PLoS ONE 09/2014; 9(9):e107596. DOI:10.1371/journal.pone.0107596 · 3.23 Impact Factor
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    • "Therefore, inhibition of Notch signaling may have important therapeutic applications for treating and preventing osteosarcoma metastasis. Recently, withaferin A has been shown to possess potent antineoplastic activity in vitro and in vivo against a variety of malignancies, including prostate, breast and colon cancer (Srinivasan et al., 2007; Stan et al., 2008; Koduru et al., 2010 "
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    ABSTRACT: Human osteosarcoma cells were treated with withaferin A and the anti-proliferative activity was evaluated by the 3-(4, 5 dimethyl-thiazol-2-yl)-2, 5-diphenyltetrazolium bromide (MTT) assays. Real-time RT-PCR and western blot were used to investigate whether the down-regulation of Notch-1 contributes to withaferin A-induced inhibition of proliferation in osteosarcoma cells. The results showed that withaferin A caused marked inhibition of osteosarcoma cell growth and G2/M phase cell cycle arrest. This was associated with concomitant attenuation of Notch-1 and down-regulation of its downstream genes, such as matrix metalloproteinases. These results suggest that antitumor activity of withaferin A is mediated through a novel mechanism involving inactivation of the Notch-1 signalling pathway. Our data provide the first evidence that the down regulation of Notch-1 by withaferin A may be an effective approach for the treatment of osteosarcoma.
    Bangladesh Journal of Pharmacology 07/2014; 9(3). DOI:10.3329/bjp.v9i3.19568 · 1.05 Impact Factor
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    • "In vivo research on Ashwagandha as an antitumor agent confirms its usefulness in slowing tumor growth and increasing survival time. Recently, the ability of withaferin-A in the inhibition of human breast cancer cells growth in vivo through G2 and mitotic arrest has been reported (Silvia et al., 2008). Presently, withanolides have been commercially obtained by solvent extraction of roots of the plants collected from the natural sources. "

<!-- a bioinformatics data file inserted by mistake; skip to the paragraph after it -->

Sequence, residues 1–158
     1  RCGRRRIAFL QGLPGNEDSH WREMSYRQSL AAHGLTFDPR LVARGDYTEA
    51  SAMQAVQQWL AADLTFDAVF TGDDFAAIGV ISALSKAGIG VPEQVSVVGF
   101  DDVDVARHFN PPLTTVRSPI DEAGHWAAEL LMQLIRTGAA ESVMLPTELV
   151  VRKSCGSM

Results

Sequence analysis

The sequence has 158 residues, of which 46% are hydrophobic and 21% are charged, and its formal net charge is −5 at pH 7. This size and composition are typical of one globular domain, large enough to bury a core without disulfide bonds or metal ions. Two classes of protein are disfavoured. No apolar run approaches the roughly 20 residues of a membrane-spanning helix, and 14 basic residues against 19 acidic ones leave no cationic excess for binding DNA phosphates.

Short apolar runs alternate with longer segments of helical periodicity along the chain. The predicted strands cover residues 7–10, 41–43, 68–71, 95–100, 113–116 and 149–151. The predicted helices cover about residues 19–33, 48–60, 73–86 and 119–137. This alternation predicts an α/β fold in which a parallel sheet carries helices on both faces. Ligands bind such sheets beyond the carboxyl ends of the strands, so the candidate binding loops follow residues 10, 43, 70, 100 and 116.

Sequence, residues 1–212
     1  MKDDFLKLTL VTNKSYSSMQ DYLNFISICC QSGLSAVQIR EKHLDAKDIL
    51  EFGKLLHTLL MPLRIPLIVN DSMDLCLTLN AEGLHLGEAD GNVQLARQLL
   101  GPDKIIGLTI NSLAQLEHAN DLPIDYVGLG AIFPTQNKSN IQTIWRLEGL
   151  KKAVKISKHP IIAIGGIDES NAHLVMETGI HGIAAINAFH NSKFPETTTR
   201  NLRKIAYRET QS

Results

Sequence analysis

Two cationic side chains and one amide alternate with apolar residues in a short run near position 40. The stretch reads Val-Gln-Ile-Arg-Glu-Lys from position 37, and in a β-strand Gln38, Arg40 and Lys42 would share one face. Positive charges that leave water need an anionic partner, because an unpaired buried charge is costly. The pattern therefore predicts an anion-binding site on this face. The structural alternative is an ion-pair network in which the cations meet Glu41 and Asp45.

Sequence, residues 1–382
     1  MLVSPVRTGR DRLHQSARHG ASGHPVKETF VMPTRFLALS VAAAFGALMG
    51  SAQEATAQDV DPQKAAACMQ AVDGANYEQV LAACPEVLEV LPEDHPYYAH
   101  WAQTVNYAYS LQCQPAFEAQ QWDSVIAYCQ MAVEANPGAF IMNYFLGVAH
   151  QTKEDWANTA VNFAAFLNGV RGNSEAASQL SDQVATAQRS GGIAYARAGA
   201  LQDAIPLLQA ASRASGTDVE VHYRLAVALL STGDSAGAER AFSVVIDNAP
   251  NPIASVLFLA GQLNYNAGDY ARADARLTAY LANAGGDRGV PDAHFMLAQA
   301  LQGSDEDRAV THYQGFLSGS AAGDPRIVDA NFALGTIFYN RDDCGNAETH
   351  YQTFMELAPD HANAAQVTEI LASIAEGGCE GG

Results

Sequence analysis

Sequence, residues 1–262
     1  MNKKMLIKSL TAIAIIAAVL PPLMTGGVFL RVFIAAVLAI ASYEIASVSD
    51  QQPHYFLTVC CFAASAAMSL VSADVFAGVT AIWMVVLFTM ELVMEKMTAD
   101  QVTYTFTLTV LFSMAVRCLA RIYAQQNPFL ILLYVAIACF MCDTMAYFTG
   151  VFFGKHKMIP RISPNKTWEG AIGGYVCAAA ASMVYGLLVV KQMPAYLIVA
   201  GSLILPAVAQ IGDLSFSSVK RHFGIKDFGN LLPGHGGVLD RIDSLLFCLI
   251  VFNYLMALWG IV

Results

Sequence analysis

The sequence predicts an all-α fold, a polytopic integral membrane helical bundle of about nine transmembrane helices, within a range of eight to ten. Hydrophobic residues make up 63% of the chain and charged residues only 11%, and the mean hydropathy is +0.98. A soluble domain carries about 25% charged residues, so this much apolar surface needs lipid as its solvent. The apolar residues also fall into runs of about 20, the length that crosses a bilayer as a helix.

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    ABSTRACT: Transformation of Withania somnifera was carried out by using three Agrobacterium rhizogenes strains (ATCC 15834, R1000 and K599) for hairy root induction. Induction of hairy root was carried out in leaf, petiole and internodal explants. Hairy root induction was successful only in ATCC 15834 and R1000. The highest frequency of hairy root was obtained in petiole explants (64%) infected with R1000 and it resulted in five distinct morpho-types (callus (fragile), callus (hard), callus + hairy roots, hairy roots and callusing roots). The frequency of R1000 transformation was increased up to 93.2% by the addition of acetosyringone during various steps of infection. Molecular identification through PCR analysis of rolC confirmed the presence of Ri T-DNA. The half strength Murashige and Skoog (MS) liquid medium was found to be the best medium that supports the high root biomass accumulation than the other tested medium types (MS full strength, Gamborg B5 medium (B5) full strength and B5 half strength). High performance liquid chromatography (HPLC) analysis of hairy roots revealed the accumulation of withaferin-A (72.3 mg/g dw). This study reports the influence of Agrobacterium strains, explant types and acetosyringone in the hairy root induction of W. somnifera.
    AFRICAN JOURNAL OF BIOTECHNOLOGY 12/2012; 11(98):16412-16420. · 0.57 Impact Factor